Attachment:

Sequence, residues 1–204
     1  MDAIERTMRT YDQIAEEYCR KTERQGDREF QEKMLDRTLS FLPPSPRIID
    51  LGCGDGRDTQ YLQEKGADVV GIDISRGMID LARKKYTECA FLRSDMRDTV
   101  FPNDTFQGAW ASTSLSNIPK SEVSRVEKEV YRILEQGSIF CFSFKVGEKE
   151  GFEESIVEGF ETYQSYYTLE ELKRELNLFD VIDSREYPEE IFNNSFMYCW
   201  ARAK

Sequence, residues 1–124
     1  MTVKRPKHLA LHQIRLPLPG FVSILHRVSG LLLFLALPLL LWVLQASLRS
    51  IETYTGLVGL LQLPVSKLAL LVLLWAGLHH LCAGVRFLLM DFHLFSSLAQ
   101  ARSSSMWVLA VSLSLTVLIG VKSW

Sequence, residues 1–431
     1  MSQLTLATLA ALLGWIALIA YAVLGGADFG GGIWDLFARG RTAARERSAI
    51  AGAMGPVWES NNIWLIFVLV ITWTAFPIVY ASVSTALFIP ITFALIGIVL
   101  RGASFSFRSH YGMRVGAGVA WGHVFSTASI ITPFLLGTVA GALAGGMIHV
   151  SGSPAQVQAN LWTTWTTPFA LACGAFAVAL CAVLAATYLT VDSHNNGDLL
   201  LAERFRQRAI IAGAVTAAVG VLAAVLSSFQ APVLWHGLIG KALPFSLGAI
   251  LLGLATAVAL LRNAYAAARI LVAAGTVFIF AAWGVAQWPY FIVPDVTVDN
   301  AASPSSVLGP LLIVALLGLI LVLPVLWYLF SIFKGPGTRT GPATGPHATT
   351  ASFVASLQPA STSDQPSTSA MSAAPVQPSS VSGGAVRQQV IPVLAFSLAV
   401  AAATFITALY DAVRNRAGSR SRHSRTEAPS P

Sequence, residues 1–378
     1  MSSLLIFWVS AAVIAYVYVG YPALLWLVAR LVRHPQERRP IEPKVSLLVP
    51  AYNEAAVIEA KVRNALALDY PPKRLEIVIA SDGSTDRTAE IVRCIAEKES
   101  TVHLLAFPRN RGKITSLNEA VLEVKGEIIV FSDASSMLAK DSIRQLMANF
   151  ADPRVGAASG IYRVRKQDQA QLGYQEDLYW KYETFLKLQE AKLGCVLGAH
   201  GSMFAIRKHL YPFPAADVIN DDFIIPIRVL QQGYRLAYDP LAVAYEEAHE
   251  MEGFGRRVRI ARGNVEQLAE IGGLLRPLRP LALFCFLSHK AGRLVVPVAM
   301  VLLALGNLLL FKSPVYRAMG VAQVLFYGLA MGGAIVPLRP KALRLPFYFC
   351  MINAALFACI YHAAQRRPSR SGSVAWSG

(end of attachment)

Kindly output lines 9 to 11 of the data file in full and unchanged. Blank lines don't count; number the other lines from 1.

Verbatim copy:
    51  IETYTGLVGL LQLPVSKLAL LVLLWAGLHH LCAGVRFLLM DFHLFSSLAQ
   101  ARSSSMWVLA VSLSLTVLIG VKSW

Sequence, residues 1–431